BONN, Germany -- The fight between Volkswagen and General Motors escalated yesterday as VW's chairman accused GM executive in Europe of waging a vendetta against the German auto maker's worldwide production chief.The latest chapter in the international corporate duel involving secret GM documents and the defection of a top GM executive to VW came with published comments by Ferdinand Piech, Volkswagen's chairman, about GM's legal campaign against Jose Ignacio Lopez de Arriortua, who abruptly quit GM in March to take charge of VW's worldwide production.
NEWS
December 3, 1996
IT IS FITTING that the central figure in the massive industrial espionage case General Motors has brought against Volkswagen is a Spaniard. Both of these multi-national automakers have huge stakes on one another's home turf. U.S.-based GM owns Adam-Opel, one of Germany's big auto manufacturers. Germany-based VW has an extensive network of distributorships in this country.The dispute is a highly personalized one in which a Spanish-born visionary, Jose Ignacio Lopez de Arriortua, is accused of making off with reams of GM documents and computer files when he was hired away from General Motors by Volkswagen in 1993.
NEWS
January 12, 1997
GENERAL MOTORS and Volkswagen, obviously worried about their images, have settled civil litigation in the industrial espionage case of the decade. Though the German auto maker agreed to pay GM $100 million in cash and buy $1 billion in parts over the next seven years, this was a pittance compared to the $4 billion in damages the American manufacturer was seeking on charges that VW lured away a GM executive who took vast quantities of trade secrets with...
BUSINESS
By BLOOMBERG NEWS | August 19, 1997
WOLFSBURG, Germany -- Volkswagen AG, Europe's largest carmaker, said yesterday that its second-quarter net income rose 90 percent, in line with expectations, amid cost-cutting and as a weaker mark boosted foreign demand.Profit in the second quarter rose to 316 million marks ($176 million) from 166 million marks a year earlier.Growth quickened from 48 percent in the first-quarter, mainly because of lower tax charges, analysts said."The trend is good but the numbers are broadly in line with market expectations," said Francois Colli, an analyst at Paribas Capital Markets in London.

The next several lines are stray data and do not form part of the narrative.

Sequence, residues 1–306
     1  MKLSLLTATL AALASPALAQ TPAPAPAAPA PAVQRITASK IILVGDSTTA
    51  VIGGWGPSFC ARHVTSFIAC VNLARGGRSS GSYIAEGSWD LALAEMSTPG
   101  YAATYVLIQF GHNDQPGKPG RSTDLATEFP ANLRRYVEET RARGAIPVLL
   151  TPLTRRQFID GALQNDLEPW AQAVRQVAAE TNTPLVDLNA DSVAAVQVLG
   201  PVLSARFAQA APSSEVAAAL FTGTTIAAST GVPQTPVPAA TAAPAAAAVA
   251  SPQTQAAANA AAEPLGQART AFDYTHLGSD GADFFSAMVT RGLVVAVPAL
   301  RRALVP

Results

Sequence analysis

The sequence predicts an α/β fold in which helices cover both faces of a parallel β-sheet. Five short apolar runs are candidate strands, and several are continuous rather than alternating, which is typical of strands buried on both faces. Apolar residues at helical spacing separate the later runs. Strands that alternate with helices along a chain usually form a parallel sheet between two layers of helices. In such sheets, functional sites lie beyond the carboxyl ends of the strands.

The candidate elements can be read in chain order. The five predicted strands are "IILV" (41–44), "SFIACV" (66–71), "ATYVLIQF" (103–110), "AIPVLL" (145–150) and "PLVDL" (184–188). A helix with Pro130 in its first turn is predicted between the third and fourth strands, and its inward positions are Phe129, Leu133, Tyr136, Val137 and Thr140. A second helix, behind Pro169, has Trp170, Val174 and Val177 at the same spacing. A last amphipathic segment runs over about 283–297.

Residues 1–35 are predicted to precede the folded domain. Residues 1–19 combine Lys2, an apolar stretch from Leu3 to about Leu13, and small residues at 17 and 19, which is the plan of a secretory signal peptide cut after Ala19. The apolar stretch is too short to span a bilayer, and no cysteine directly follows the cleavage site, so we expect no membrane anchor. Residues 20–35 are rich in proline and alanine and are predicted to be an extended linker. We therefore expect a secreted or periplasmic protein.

ENTERTAINMENT
By Wesley Case, The Baltimore Sun | May 18, 2012
Indie bands, be careful - advertising agencies want your sound, and if you say no, they'll hire studio musicians to do their best impression. Patrick Carney, the drummer for the Black Keys, complained of several big-name companies doing this exact procedure. Now, Baltimore duo Beach House - a band whose new album, "Bloom," hit stores this past Tuesday to strong reviews - is the latest act claiming to be kinda-copied. In a new ad for Volkswagen's Polo, there's a familiar, haunting croon over a light, springy organ.
BUSINESS
By Candus Thomson, The Baltimore Sun | March 20, 2012
Jonathan Browning built his career on four wheels, but his passion rides on two. Browning, Volkswagen Group of America's top executive, doesn't see why cars and bikes can't — to steal a slogan from the automaker — coexist on the road of life. "Almost every family in the country has a car and a bike in some condition in the garage," said Browning Tuesday morning as he sat in the lobby of a downtown Baltimore hotel, cycling helmet in his hands and a blue Volkswagen jersey stretched across his lean torso.
EXPLORE
January 11, 2012
Laurel police report felonies, arrests and property crimes. Prince George's County police report violent crimes and property crimes. Howard County police report major crimes, break-ins and car thefts. City of Laurel Eighth Street , 600 block, Jan. 8. Entry gained by forcing open door on storage shed. Yellow and white riding 1 Club Cadet lawn mower and snow blower taken from shed at St. Mark's United Methodist Church. Nichols Drive , 900 block, Jan. 6. Laurel youth, 16, reported being stopped by two men as he was walking home.
NEWS
By McClatchy-Tribune | January 7, 2007